|Company||Warner Bros. Discovery|
|Based in||New York City, New York|
Golf Digest is a monthly golf magazine published by Warner Bros. Discovery under its Discovery Golf division. It is a generalist golf publication covering recreational golf and men's and women's competitive golf. The magazine started by John F. Barnett in 1950 in Chicago, moved to Connecticut in 1964 and was sold to The New York Times Company in 1969. The Times company sold their magazine division to Condé Nast in 2001. The headquarters of Golf Digest is in New York City relocated from Connecticut. On May 13, 2019, Discovery, Inc. acquired Golf Digest from Condé Nast, in order to integrate with GolfTV.
Golf Digest produces a biennial ranking of the world's best golf courses. As of January 2020[update] the top ten were:
Since 1965, Golf Digest has produced biennial rankings of "America's 100 Greatest Golf Courses". The courses are voted on by a panel of several hundred golf experts. The magazine also produces lists of the best new courses, the best golf resorts, the best courses in each U.S. state and best American golf courses for women. Before the "Greatest" rankings were introduced in 1985, Golf Digest produced lists called at different times America's 100 Most Testing Courses and America's 100 Greatest Tests of Golf.
The top ten on the 2020–21 list are as follows:
In 2010, Golf Digest produced its inaugural ranking of "America's Top 50 Courses for Women". In creating the ranking, the magazine used nominations and evaluations by its panel of over 100 female raters as well as the woman-friendly criteria established by the editors. Those criteria included: at least one tee less than 5,300 yards; at least two sets of tees with USGA slope and course ratings for women; run-up areas to most or all greens and minimal forced carries for those playing from the forward tees.
The top ten on the 2013 list are as follows:
Alongside the "100 Greatest Courses" ranking, and using the same methodology, Golf Digest publishes a list of "America's 100 Greatest Public Golf Courses". In this context, "public" means a golf course that is open to play by the public, as opposed to a private club—not necessarily a course operated by a governmental entity.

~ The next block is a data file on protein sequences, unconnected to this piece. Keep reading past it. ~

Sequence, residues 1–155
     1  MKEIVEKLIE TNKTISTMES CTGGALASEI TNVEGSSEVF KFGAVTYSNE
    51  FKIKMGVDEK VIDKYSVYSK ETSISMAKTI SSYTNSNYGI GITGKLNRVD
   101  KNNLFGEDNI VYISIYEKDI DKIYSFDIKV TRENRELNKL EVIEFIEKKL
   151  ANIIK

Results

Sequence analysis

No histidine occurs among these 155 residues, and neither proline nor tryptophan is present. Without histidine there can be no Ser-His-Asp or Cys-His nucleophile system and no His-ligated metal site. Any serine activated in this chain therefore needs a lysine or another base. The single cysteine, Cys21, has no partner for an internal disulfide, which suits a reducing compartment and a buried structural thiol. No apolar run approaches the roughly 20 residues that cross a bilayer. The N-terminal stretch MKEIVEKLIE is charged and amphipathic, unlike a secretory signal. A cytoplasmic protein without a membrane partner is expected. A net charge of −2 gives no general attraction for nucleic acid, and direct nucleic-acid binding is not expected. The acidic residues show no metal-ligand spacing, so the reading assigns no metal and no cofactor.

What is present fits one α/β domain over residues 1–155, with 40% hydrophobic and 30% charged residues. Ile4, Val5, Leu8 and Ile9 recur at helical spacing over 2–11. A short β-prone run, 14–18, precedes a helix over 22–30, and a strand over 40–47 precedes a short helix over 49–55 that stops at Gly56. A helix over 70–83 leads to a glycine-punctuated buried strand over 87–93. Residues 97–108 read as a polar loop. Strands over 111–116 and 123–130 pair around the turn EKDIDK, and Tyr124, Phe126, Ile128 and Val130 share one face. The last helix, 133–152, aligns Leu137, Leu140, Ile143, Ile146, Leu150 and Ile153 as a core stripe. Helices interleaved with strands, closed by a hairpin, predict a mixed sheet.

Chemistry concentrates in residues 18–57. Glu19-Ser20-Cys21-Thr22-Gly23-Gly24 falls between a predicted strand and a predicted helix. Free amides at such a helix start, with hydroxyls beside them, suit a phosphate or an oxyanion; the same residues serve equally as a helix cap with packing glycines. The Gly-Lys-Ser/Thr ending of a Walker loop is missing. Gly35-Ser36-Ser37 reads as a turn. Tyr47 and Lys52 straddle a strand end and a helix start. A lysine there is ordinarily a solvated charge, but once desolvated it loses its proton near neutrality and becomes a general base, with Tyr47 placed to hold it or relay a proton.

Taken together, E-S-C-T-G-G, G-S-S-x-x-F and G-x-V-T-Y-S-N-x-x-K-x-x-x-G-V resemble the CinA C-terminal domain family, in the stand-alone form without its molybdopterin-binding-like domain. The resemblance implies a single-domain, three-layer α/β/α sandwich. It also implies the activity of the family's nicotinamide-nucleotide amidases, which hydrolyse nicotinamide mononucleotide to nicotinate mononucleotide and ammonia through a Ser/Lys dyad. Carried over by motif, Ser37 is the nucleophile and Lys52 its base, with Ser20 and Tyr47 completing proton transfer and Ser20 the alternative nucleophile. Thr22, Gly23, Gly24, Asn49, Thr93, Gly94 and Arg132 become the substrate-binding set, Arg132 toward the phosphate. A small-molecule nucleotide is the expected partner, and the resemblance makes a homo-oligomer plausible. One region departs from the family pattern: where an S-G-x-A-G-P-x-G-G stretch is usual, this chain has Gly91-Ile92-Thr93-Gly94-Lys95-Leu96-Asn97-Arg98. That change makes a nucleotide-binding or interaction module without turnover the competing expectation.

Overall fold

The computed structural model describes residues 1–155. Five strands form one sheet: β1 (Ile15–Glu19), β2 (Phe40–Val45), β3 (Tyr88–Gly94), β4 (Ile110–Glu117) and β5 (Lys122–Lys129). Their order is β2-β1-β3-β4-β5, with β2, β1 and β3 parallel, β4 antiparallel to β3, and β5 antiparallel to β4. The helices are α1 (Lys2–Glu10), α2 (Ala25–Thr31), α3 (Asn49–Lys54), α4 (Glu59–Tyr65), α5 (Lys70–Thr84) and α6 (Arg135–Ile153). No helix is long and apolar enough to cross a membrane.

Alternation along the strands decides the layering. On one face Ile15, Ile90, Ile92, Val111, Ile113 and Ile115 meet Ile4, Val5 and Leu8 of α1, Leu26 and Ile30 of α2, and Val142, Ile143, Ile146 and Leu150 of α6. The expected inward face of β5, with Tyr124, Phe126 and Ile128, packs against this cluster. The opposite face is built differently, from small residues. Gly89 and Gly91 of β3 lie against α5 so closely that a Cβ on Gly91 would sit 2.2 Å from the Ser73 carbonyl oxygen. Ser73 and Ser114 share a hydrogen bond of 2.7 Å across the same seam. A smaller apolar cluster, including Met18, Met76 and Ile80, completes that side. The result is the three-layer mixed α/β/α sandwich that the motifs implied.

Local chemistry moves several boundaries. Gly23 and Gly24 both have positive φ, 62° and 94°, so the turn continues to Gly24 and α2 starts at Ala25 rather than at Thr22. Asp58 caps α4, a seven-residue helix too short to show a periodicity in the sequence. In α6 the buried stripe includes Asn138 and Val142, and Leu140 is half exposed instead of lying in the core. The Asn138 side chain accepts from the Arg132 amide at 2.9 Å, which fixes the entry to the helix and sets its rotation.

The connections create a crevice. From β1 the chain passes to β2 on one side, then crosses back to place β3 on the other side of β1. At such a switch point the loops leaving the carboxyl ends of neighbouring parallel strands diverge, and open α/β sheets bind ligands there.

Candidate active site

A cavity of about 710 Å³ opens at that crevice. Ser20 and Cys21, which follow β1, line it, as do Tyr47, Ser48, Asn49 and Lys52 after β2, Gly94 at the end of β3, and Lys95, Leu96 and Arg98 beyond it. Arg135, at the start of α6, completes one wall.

The top ten on the 2019 list, published in May 2019, was as follows:
Of these courses, the only one that is operated by a governmental entity is Bethpage Black.
In addition to its national rankings, Golf Digest also ranks courses at a state level.
The magazine also compiles a list of the leading courses outside the United States. This is created using information from national golf associations, plus votes by the same panelists supplemented by some additional ones with international knowledge.
In 2007, the most represented countries were Scotland with 14 courses in the top 100, Canada with 10, England with 10, Canada with 9, and Australia and Republic of Ireland with 8. The top 10 were:
In 2005, the most represented countries were Scotland and Canada with 13 courses each in the top 100. The top 10 were:
In 2009, Golf Digest was nominated for a National Magazine Awards by the American Society of Magazine Editors in the Magazine Section in recognition of the excellence of a regular section of a magazine based on voice, originality and unified presentation.
In April 2014, Golf Digest was widely criticized when, after neglecting to picture a female golfer on their cover for six years, they chose to picture model Paulina Gretzky in a revealing outfit as their May 2014 cover. The move was "particularly frustrating" to LPGA golfers.[excessive citations] LPGA Tour Commissioner Mike Whan issued a statement echoing the concerns expressed by LPGA players. In the October 2014 edition, U.S. Women's Open winner Michelle Wie appeared on the cover.
In May 2016, the magazine again featured a female celebrity in the cover, Paige Spiranac (who was, at the time, a professional golfer), which was criticized by veteran golfer Juli Inkster.